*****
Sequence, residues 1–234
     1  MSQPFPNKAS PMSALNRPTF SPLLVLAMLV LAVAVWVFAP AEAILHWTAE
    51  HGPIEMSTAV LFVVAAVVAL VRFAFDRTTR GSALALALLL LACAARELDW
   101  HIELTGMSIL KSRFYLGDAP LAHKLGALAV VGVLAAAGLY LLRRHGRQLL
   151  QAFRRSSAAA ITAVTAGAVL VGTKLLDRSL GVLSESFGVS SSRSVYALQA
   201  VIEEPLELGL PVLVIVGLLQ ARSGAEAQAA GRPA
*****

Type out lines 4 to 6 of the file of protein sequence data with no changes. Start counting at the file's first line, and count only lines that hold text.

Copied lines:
   101  HIELTGMSIL KSRFYLGDAP LAHKLGALAV VGVLAAAGLY LLRRHGRQLL
   151  QAFRRSSAAA ITAVTAGAVL VGTKLLDRSL GVLSESFGVS SSRSVYALQA
   201  VIEEPLELGL PVLVIVGLLQ ARSGAEAQAA GRPA